Nevertheless, North Korea-Russia cooperation that challenges international norms will likely occur, and the perpetrators will cloak their questionable activities in justifications from the UN charter. Since 1961, official documents governing Moscow-Pyongyang ties have consistently referred to the UN as a framework under which the bilateral relationship operates. For example, North Korea and Russia have referenced UN provisions to justify hiring North Korean workers in occupied parts of eastern Ukraine. However, these justifications contradict widely held understandings of international law. This strategy signals that Russia will be increasingly inclined to wield its UN veto power to maintain the pretense of being a responsible actor while simultaneously providing cover for Pyongyang to engage in continued sanctions evasion and security provocations. Russia appears to have little incentive to curb North Korea’s security provocations. Thus, Moscow may be more overt in its support for Pyongyang than when it was leveraging plausible deniability in response to alleged sanctions violations.

The interests of Moscow and Pyongyang have converged at a time when the two countries present an unprecedented challenge to the global liberal order. As a result of this development, the geopolitics of Eastern Europe and Northeast Asia are no longer as disparate as they were prior to 2022. Thus, the greatest challenge that a strengthened DPRK-Russia relationship poses to US and allied interests in Northeast Asia is the potential for geopolitical tensions between Russia and the West, primarily rooted in Eastern Europe, to extend into the Asia-Pacific. The Kremlin has been making efforts to strengthen Russia’s position as an Asia-Pacific power. Subsequently, the issue of Korean security—which, broader tensions notwithstanding, was a source of Russia-US cooperation—may become an area in which the Kremlin seeks to frustrate US interests by supporting North Korea’s ability to challenge US and allied policies.

APB Arch Logo #631
Anthony V. Rinna, Senior Editor for Sino-NK, explains how "the Kremlin’s post-2022 diplomatic and economic estrangement from much of the world has provided Pyongyang with an opening to leverage ties with Russia to push for an easing of its own diplomatic and economic isolation."
for additional titles in the
Asia Pacific Bulletin
This article is a part of the North Korea in the World Special Series, a joint project between the National Committee on North Korea and the East-West Center that examines North Korea's external relations.

Spanning the Eurasian landmass, Russia’s actions in adjacent Ukraine invariably affect the geopolitical state of play on the similarly adjacent Korean Peninsula. Although ties between the Democratic People's Republic of Korea (DPRK) and Russia have been of largely secondary importance for both countries since their veritable rupture in the early- and mid-1990s, Moscow-Pyongyang relations became more mutually beneficial in 2022. Whereas most countries have outright condemned Russia’s invasion of Ukraine or taken up an ambiguous position, the DPRK has been vocal in its support for Russia. From the DPRK perspective, the Kremlin’s post-2022 diplomatic and economic estrangement from much of the world has provided Pyongyang with an opening to leverage ties with Russia to push for an easing of its own diplomatic and economic isolation. Meanwhile, strengthening its DPRK ties allows Russia to undermine US influence on its Asian periphery.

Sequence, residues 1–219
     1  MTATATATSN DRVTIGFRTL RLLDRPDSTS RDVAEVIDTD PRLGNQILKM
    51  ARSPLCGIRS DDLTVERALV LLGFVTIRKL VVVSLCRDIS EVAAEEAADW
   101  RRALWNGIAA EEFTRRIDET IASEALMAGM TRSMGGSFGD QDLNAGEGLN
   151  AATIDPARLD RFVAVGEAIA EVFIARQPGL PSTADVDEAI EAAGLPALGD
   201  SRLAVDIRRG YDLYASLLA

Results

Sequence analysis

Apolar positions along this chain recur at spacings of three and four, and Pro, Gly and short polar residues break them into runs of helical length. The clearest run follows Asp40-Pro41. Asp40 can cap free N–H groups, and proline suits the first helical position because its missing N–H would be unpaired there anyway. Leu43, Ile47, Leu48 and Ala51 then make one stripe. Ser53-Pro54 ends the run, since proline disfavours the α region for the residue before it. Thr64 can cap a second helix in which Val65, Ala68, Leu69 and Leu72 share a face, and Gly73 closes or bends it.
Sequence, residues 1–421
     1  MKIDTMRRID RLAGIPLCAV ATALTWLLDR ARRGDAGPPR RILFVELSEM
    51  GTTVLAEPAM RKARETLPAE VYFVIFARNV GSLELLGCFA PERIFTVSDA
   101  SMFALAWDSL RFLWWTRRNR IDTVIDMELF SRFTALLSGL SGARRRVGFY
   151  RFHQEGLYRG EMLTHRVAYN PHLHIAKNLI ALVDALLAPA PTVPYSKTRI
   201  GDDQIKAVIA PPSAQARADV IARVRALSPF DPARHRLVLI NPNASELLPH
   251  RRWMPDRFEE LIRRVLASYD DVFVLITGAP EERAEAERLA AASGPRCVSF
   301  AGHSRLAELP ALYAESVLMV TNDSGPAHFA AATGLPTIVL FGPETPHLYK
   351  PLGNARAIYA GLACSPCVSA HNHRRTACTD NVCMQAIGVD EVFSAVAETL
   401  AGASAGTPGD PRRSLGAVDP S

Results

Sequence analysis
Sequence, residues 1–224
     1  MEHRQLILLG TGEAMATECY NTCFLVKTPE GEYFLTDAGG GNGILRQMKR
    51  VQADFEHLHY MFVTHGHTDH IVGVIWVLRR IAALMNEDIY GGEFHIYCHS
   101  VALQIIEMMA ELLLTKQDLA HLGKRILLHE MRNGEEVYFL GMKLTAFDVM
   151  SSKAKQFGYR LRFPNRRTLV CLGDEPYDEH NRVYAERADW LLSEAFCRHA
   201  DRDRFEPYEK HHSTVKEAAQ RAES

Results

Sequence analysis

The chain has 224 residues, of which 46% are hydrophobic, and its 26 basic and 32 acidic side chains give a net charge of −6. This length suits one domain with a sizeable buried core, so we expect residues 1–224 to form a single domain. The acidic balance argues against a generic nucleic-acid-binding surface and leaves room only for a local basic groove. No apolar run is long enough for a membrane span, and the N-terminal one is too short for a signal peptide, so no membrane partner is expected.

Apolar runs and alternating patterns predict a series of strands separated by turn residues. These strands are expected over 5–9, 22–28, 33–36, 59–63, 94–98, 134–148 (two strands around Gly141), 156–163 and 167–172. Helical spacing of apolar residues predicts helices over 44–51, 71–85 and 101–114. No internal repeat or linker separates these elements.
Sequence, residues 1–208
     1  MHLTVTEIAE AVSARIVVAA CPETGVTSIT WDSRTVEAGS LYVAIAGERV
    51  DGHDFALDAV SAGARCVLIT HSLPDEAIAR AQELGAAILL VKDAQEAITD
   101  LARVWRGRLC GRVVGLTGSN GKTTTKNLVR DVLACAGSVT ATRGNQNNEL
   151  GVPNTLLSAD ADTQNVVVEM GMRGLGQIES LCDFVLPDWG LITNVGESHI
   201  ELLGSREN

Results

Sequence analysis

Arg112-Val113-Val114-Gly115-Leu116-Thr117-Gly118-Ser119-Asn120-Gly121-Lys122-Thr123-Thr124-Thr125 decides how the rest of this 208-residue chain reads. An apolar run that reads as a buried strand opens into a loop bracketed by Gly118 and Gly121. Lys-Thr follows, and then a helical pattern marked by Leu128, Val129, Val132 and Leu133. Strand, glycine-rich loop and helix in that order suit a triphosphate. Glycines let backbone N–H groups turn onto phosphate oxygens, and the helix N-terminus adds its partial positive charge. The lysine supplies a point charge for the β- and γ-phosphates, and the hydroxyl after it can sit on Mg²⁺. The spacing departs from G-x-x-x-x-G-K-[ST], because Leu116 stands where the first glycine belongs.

In supporting Russia’s full-scale invasion of Ukraine, North Korea appears to be aiming toward obtaining economic benefits from closer ties with Russia, a country whose economy has managed to stay afloat despite heavy Western sanctions. Russia’s full-scale invasion of Ukraine has provided the impetus for Pyongyang’s outreach to Moscow. However, the roots of the current upswing in Moscow-Pyongyang relations go back to the April 2019 summit between Kim Jong Un and Vladimir Putin. Kim received an invitation to meet with Putin in May 2018 yet waited eleven months to meet with the Russian leader, even as Kim regularly met with the leaders of other major players on the Korean Peninsula. Kim may have decided after the February 2019 Hanoi summit yielded few results that strengthening ties with Russia, which was more reluctant than China to support UN sanctions against Pyongyang in 2017, was a more viable option for sanctions relief. Aside from the fact that Russia has demonstrated a clear unwillingness to impose new sanctions against the DPRK, North Korean citizens are reported to still be working in Russia in contravention of UN Resolution 2397. North Korean workers’ earnings are said to have suffered because of Russia’s reduced access to hard currency. Yet, the ruble’s continued resilience may mean that earning currency in Russia is still worthwhile for laborers dispatched at Pyongyang’s behest.